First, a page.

“Getting connected to a larger sense of community with a combination of those who struggle with similar things and those who don’t can get us away from all the alone time that only reinforces why it makes sense to spend all of our time with porn rather than attempting to change a habit that no longer works for us,” says Rice.

Books on Porn Addiction

Rice recommends the book Your Brain on Porn by Gary Wilson. She explains how “I love his ability to talk about the neuroscience within an addicted brain, but also show evidence that supports how overcoming an addiction that once had a hold of us is one of the most powerful outcomes in the world.” 

How Therapy Can Help?

Typically, the beginning of the road that led to addiction is riddled in something that we haven’t worked through, says Rice.

 “With a strong sense of therapeutic rapport with a therapist, those struggling with porn addiction can find a different lens, perspective and belief about those things that led to addiction,” she says. “Eventually, the addiction itself loosens its grip to a certain degree. Less of a muddy root, and less of a need to cover it up with dysfunctional coping skills.”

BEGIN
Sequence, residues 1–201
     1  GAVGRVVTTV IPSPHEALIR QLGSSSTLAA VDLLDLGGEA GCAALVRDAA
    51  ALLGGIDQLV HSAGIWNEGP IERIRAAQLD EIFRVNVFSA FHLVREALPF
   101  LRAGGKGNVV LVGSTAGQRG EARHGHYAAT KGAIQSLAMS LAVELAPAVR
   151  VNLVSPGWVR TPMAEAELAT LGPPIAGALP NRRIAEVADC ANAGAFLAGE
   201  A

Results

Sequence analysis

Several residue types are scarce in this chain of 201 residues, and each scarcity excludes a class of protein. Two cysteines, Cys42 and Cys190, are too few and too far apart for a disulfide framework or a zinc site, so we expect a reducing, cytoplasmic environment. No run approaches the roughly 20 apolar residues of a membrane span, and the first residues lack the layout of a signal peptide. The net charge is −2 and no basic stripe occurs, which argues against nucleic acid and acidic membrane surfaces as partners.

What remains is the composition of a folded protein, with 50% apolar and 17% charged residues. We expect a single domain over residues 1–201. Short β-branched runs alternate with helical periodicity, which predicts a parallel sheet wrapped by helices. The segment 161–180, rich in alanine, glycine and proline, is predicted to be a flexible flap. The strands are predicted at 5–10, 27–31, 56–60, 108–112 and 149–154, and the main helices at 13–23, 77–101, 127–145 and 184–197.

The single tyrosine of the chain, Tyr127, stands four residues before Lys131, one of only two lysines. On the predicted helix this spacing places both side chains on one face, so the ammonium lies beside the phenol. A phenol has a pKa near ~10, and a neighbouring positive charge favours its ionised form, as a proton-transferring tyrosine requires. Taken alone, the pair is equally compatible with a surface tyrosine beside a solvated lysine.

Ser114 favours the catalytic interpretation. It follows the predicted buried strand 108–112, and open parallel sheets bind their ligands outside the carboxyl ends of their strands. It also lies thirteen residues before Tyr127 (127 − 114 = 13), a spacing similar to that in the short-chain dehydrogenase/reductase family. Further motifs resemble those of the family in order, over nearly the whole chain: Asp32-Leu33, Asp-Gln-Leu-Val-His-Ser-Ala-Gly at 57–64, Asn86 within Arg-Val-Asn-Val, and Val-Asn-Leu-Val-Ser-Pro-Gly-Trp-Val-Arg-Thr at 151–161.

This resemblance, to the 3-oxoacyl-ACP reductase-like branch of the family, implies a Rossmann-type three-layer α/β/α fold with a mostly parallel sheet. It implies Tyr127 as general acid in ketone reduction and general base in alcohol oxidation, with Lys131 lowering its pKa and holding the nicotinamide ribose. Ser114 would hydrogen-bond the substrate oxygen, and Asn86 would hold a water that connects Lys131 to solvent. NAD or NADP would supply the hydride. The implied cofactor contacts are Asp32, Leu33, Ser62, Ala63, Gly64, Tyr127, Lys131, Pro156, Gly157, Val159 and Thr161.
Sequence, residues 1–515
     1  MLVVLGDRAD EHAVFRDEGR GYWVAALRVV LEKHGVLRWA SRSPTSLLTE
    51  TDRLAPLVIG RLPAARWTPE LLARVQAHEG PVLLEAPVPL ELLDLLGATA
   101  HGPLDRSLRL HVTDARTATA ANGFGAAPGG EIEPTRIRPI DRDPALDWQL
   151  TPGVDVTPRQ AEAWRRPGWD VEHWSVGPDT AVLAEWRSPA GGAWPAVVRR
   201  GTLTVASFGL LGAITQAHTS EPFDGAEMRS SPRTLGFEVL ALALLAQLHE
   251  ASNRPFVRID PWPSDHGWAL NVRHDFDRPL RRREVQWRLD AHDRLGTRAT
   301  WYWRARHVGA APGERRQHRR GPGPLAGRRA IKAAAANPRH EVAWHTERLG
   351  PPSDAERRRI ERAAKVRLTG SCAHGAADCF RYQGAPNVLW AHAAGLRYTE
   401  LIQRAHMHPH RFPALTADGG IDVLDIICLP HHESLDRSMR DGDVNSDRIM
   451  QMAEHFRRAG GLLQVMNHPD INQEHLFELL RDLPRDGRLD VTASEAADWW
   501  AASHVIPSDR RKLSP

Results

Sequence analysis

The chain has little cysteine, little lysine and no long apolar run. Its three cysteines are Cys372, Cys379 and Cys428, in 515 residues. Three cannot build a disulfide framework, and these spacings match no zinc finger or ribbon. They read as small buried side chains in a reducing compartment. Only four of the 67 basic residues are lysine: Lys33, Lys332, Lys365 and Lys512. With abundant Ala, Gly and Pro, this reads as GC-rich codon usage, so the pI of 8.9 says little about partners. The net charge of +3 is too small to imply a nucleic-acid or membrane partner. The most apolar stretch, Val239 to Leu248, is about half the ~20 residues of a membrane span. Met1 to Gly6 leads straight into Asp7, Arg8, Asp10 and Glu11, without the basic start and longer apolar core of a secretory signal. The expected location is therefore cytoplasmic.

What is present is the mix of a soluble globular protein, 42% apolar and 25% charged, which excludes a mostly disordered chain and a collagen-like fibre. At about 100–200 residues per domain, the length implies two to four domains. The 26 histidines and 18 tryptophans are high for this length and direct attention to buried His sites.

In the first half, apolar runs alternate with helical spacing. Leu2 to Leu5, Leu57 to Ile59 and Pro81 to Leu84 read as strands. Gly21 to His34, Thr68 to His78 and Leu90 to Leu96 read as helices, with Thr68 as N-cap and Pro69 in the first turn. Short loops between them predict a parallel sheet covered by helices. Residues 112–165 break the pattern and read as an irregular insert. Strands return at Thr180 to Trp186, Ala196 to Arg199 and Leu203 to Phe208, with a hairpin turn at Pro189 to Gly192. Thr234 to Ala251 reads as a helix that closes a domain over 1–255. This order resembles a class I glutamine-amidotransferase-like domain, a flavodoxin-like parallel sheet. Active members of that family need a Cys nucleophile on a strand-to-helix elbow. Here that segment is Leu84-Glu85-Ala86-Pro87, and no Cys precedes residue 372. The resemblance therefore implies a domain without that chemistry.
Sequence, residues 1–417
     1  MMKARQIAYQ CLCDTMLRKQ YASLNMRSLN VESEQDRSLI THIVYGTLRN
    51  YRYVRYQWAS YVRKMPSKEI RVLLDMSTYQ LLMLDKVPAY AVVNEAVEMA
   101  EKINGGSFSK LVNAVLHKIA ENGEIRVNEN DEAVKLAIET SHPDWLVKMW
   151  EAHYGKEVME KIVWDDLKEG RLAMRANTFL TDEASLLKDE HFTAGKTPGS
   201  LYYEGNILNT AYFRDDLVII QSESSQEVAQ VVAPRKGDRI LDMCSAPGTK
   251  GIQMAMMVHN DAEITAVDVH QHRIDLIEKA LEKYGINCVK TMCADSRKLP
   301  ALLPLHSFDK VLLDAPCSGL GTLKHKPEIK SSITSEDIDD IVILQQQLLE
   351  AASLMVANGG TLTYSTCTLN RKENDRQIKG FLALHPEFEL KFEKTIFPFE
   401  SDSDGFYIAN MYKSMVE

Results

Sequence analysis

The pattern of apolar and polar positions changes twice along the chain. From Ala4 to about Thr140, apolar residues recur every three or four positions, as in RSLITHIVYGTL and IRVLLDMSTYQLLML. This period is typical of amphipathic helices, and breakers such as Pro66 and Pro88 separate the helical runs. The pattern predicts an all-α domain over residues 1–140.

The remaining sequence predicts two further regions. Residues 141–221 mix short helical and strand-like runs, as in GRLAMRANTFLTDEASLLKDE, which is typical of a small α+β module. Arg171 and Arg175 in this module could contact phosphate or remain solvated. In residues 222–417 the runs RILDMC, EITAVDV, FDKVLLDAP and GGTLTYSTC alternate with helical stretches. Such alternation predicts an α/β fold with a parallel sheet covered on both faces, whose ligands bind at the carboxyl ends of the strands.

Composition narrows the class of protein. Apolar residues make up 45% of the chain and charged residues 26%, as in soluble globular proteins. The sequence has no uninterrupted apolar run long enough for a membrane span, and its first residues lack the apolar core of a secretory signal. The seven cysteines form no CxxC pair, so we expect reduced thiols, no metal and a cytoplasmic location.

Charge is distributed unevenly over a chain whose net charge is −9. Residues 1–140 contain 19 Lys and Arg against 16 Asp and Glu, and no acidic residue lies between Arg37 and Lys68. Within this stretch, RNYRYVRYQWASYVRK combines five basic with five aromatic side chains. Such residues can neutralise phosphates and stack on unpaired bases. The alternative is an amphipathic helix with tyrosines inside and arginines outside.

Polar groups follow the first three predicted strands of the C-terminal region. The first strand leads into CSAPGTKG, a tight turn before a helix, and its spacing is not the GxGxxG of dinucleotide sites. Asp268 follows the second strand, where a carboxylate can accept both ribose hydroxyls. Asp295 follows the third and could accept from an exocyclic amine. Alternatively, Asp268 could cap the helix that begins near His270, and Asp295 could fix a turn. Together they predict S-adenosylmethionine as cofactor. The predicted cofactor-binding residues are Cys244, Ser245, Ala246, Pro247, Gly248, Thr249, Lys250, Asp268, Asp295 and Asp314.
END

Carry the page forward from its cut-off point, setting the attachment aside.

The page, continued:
There is no shame in asking for help; admitting that you have a problem is the first step. 

These days, finding the right therapist that specializes in addiction is easier than ever. If you’re struggling with porn addiction, and are looking for accessible treatment, consider trying Talkspace. With online therapy, you can consult a therapist from the comfort of your own home and attend therapy in the most private setting. Remember that asking for help is the first step.